Day Six:September 11, 2017
Jambo and Asante, thank you and hello are the key words to learn prior to you journey to Tanzania. Tanzanians are friendly and welcoming, and it’s nice to be too. The food is fantastic, beef, chicken and fish for us carnivores and plenty of fresh vegetables. The wildlife viewing is amazing, and today was no exception. If you’re one of the lucky travelers signed up for the Tanzania adventure in June with Allen Monroe, CEO of TLD, you’re lucky, as it’s sold out. I just learned another trip from The Living Desert to Tanzania is planned for May, don’t hesitate, and sign up ASAP to save your space. Call Kathy Lambert in our development department and she’ll be happy to help you with reservations. You’ll be visiting the parks I’ve viewed, plus the Serengeti, to view the great migration, which I’m told will be in the southern part of the Park during May and June.
Today I explored Ngorongoro Conservation Area, the crater is breathtakingly beautiful and it’s said to be the best place in Tanzania to see the big five. The Crater is the world’s largest intact volcanic caldera and home to the highest density of big game in Africa. It has a healthy population of the endangered black rhino (which I didn’t see today ). Herds of wildebeest, buffalo and zebra, along with gazelles, flamingos, Grant’s and Thompson’s gazelles, servel, jackal, and approximately 400 species of amazing birds. With this amount of prey species you know there will be predators. The first was a cheetah, yep very rare in the crater, but I saw him, along with over 20 lions, and numerous spotted hyenas.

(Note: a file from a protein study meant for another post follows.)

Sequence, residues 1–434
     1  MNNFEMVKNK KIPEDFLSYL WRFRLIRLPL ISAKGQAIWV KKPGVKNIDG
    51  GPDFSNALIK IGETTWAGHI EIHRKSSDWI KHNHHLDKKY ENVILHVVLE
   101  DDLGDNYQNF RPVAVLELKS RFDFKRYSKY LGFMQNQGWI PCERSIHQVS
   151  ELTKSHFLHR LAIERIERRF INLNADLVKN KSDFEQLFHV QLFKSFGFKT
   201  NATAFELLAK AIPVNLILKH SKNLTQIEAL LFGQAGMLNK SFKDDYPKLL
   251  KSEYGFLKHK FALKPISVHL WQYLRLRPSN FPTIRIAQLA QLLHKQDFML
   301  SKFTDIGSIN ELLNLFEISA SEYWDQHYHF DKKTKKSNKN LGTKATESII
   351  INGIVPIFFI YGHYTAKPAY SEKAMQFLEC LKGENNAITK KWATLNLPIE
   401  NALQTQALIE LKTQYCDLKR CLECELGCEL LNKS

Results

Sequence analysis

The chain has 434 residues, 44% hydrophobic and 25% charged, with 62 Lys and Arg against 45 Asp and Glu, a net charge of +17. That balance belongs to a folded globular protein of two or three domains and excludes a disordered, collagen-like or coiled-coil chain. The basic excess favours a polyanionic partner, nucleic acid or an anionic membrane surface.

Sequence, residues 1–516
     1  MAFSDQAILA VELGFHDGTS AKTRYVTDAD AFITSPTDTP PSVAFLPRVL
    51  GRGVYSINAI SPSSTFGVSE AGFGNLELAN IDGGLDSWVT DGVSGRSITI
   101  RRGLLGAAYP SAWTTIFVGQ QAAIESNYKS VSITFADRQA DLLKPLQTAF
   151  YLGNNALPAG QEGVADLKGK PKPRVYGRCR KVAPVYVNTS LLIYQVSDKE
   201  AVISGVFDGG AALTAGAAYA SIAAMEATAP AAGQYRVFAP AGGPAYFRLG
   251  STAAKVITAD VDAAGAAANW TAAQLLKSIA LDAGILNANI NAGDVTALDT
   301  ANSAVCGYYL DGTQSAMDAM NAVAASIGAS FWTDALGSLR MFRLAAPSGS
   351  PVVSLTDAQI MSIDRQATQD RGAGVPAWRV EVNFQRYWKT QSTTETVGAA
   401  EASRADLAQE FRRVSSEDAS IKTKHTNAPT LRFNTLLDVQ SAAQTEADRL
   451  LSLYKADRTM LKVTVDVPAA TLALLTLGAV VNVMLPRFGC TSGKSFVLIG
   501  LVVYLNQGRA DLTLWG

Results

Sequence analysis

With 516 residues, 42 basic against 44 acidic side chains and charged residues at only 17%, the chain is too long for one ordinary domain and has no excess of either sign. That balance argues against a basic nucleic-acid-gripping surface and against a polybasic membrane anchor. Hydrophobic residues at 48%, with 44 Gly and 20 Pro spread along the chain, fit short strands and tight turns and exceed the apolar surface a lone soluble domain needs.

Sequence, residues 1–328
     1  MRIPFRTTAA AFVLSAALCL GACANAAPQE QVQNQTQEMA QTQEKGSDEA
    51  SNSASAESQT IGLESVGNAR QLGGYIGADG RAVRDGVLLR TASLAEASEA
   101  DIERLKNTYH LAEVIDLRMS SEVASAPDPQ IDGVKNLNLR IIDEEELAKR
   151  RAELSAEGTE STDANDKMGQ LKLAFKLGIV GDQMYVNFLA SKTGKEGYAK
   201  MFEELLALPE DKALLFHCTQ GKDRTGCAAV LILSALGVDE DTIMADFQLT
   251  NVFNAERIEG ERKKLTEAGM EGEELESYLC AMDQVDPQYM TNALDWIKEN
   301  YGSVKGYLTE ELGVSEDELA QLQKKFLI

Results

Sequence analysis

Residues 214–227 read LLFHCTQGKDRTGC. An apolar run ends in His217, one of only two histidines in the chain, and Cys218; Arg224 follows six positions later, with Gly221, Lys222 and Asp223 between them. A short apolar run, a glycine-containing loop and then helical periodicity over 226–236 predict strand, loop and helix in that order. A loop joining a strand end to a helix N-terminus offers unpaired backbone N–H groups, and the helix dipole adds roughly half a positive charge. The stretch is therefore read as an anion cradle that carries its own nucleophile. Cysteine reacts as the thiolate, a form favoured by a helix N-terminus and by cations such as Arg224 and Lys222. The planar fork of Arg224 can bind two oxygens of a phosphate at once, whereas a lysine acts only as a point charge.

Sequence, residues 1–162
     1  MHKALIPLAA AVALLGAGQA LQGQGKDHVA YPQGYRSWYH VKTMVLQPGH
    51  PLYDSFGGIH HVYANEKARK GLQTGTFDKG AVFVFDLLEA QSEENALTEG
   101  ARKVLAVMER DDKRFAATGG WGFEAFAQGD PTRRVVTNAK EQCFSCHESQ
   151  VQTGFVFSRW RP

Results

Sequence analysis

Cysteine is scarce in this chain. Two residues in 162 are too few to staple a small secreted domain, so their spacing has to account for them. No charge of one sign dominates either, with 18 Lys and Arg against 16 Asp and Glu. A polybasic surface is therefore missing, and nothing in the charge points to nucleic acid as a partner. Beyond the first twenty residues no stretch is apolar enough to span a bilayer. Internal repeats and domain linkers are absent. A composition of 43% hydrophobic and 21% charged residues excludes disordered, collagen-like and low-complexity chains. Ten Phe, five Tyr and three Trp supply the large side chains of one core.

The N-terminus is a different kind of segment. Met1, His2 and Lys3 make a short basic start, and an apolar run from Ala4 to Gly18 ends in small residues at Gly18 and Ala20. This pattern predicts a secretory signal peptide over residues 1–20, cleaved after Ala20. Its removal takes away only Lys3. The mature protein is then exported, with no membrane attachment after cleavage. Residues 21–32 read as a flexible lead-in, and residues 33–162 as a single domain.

The Ngorongoro Conservation Area spans vast expanses of highland plains, savanna, savanna woodlands and forests, from the plains of the Serengeti National Park in the northwest, to the eastern arm of the Great Rift Valley. The area was established in 1959 as a multiple land use area, with wildlife coexisting with semi-nomadic Masai pastoralists practicing traditional livestock grazing. The property has global importance for biodiversity conservation in view of the presence of globally threatened species such as the black Rhino, the density of wildlife inhabiting the Ngorongoro Crater and surrounding areas throughout the year.
The area has been subject to extensive archaeological research for over 80 years and has yielded a long sequence of evidence of human evolution over a span of almost four million years.
One more day, then I fly home and back to work. I’ll be setting up an evening slid presentation of the trip, showing hundreds of slides and talking about our conservation endeavors in Tanzania.